Luca’s family, the D’Angelo’s, are incredibly close and share everything from ownership of the family restaurant to helping care for Luca’s daughter Franny. How is this different from Brooke’s relationship with her family?

Brooke doesn’t have that family. She has a father who abandoned her as a little girl that she carved out a relationship as an adult, and now she’s charged with caring for. Even her previous romantic relationship didn’t support her unconditionally the way the D’Angelo’s do for each other. She’s rather dumbfounded when they start treating her like family. It’s a wonderful thing to watch happen.

San Diego’s Little Italy plays a huge part in the story. The community, language, and food are in full display. Tell us about your own experiences in your adopted city.

I love Little Italy, the food, the pace… the people. There are many places in San Diego that are overrun with the college scene, San Diego is a college town. But Little Italy is more family friendly. Very touristy, but there isn’t a day you don’t see locals hanging out. I go to the farmer’s market often. Pick up authentic Italian ingredients for my own home cooking. I try new restaurants and take all my friends there when they are visiting from out of town. Not to mention it was the closest thing to the “real Italy” that I could go during the travel restrictions. So why not write about it and tell the world of this small island within San Diego that shouldn’t be missed?

There are two more siblings in the D’Angelo family. Where will you be taking readers next with the series?

Chloe is a yogi. Think Bali!

And Giovanni loves wine… think Tuscany, Italy.

I cannot wait to show you what I have in store for these two!

******

About the Author

New York Times, Wall Street Journal, and USA Today bestselling author Catherine Bybee has written twenty-eight books that have collectively sold more than five million copies and have been translated into more than eighteen languages. Raised in Washington State, Bybee moved to Southern California in the hope of becoming a movie star. After growing bored with waiting tables, she returned to school and became a registered nurse, spending most of her career in urban emergency rooms. She now writes full-time and has penned the Not Quite Series, the Weekday Brides Series, the Most Likely To Series, and the First Wives Series.

Social Media Links

Website: http://www.catherinebybee.com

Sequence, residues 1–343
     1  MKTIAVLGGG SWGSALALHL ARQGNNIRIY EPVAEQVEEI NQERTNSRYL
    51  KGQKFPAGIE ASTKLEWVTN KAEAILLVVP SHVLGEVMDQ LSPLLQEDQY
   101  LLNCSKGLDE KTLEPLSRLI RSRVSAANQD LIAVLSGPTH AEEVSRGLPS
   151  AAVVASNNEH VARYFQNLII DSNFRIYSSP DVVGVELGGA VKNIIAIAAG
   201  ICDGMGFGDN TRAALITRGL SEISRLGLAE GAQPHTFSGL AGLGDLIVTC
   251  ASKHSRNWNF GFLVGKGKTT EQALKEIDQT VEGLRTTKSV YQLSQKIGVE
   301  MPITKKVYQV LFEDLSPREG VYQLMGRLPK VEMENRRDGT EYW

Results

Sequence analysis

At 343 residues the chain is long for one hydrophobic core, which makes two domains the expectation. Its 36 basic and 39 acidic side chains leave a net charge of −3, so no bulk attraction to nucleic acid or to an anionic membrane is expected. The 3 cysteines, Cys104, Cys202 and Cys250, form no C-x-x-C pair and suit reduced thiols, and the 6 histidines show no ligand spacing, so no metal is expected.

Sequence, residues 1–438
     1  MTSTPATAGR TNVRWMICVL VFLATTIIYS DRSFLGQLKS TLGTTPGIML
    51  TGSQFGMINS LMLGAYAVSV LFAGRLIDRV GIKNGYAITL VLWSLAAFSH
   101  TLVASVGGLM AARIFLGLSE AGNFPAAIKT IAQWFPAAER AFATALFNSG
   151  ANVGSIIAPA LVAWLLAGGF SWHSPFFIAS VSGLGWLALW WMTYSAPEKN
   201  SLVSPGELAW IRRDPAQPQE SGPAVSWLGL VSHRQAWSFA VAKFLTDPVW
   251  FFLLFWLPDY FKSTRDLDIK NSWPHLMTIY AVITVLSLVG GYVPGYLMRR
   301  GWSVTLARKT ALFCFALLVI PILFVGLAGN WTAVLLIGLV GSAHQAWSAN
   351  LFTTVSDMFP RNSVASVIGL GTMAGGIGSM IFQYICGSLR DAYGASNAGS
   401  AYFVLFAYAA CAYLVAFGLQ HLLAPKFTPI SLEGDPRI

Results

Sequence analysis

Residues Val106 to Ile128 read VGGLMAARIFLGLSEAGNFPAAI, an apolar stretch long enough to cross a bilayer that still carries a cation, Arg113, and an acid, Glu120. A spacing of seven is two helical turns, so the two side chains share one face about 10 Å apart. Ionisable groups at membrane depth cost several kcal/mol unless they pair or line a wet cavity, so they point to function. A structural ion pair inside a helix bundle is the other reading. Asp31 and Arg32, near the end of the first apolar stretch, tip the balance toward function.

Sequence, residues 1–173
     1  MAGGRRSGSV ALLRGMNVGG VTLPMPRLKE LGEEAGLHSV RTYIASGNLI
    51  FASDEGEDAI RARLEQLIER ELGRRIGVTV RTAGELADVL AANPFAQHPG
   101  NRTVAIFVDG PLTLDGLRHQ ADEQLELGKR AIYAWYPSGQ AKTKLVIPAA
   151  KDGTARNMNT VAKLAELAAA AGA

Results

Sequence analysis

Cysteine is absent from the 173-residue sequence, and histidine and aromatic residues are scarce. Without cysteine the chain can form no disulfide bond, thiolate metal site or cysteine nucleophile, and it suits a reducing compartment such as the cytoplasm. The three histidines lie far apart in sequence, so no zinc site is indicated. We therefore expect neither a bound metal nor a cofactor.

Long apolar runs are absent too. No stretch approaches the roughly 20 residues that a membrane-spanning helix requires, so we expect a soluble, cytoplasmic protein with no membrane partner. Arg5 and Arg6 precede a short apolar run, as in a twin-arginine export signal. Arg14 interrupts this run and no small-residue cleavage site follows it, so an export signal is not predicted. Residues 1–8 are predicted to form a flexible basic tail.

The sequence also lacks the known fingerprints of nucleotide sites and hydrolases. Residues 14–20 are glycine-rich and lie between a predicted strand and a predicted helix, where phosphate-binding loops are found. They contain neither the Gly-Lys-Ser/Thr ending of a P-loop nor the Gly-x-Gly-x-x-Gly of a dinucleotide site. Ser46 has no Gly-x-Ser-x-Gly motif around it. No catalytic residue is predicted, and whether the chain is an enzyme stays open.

Facebook: https://www.facebook.com/AuthorCatherineBybee 

Twitter: https://twitter.com/catherinebybee 

Tik Tok: https://www.tiktok.com/@catherinebybee1 

Goodreads: https://www.goodreads.com/author/show/2905789.Catherine_Bybee  

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Excerpt

“Oh my God, Carmen. He was standing at his car first thing this morning. Like ‘hop in, bella, let’s get stuff done today.’ Who does that?” 

Brooke had picked up the phone as soon as Luca was off in search of a dump guy. 

“We’re talking about the single, hot, Italian dad, right?” 

Brooke rolled her eyes. “Yes. Luca.” 

“Oy, oy, oy.” 

“Stop it. I need advice. And I need it before he gets back.” 

Carmen stopped teasing. “You don’t need advice. You need to relax. He sounds like one of the good ones. Let it happen.” 

“Let it happen,” she mocked. “I don’t ‘let’ things happen. It happens to me and it’s never good.” 

“You didn’t used to be such a pessimist.” 

“Once upon a time the glass was half full. Not these days.” 

“Okay, Debbie Downer. You want my advice . . . here it is. Keep doing whatever it is you’re doing.” 

“I’m not doing anything. Zero effort.” 

“Really?” Carmen didn’t sound convinced. “Makeup . . . a nice dress?” 

Brooke hesitated. “Maybe . . . a little last night, but that was it.” 

Carmen chuckled. 

“Carmen!”

“Sorry. Okay . . . any red flags?” 

Brooke thought about that. “He loved his ex-wife.” 

“That’s a red flag?” 

“I guess not.” 

“Is he good to his mom?” 

Brooke looked back on the dinner the night before. “To the whole family. He takes being the oldest brother quite seriously.” 

“And his daughter?” 

All Brooke could do was smile. “Great dad. We should all be so lucky.” 

“He’s Italian, does he smoke?” 

“No.” 

“A lot of Italians smoke,” Carmen pointed out. 

“In Italy. The San Diego variety are less in that wheelhouse.” 

“That’s good.” Carmen sighed. “I don’t know what to tell you, Brooke. How does he kiss?” 

“He hasn’t kissed me,” Brooke nearly yelled. 

“Now then . . . we have a problem.” 

“There hasn’t been . . . I don’t even know if—” 

“Stop right there. He did not drive your sorry ass all the way to Upland to do grunt work all day if he wasn’t interested in kissing you, bellllaaa. More than that, you want him to.” 

Brooke closed her eyes, and even in her own head she couldn’t convince herself that Carmen was wrong. 

“Let it happen. You deserve some happiness, Brooke.” 

The van with the air conditioning repair guy pulled into the driveway. 

“I gotta go.” 

“I want a kissing update the next time we talk,” Carmen teased. 

“Love you,” Brooke said with a laugh.

“Back at ya, boo.” 

She hung up. 

Her best friend was such a dork.

********

Rachel Lacey starts a new series, Ms. Right, with the first book titled “Read Between The Lines”, with Rosie Taft and Jane Breslin navigating their love story. Book addict and bookstore owner Rosie Taft meets her online friend and favorite author Brie in the persona of Jane Breslin wherein her Dad’s company is responsible for demolishing the building that houses Rosie’s store. After several misunderstandings, insecurities and dates leads to Rosie and Jane finding their happily ever after.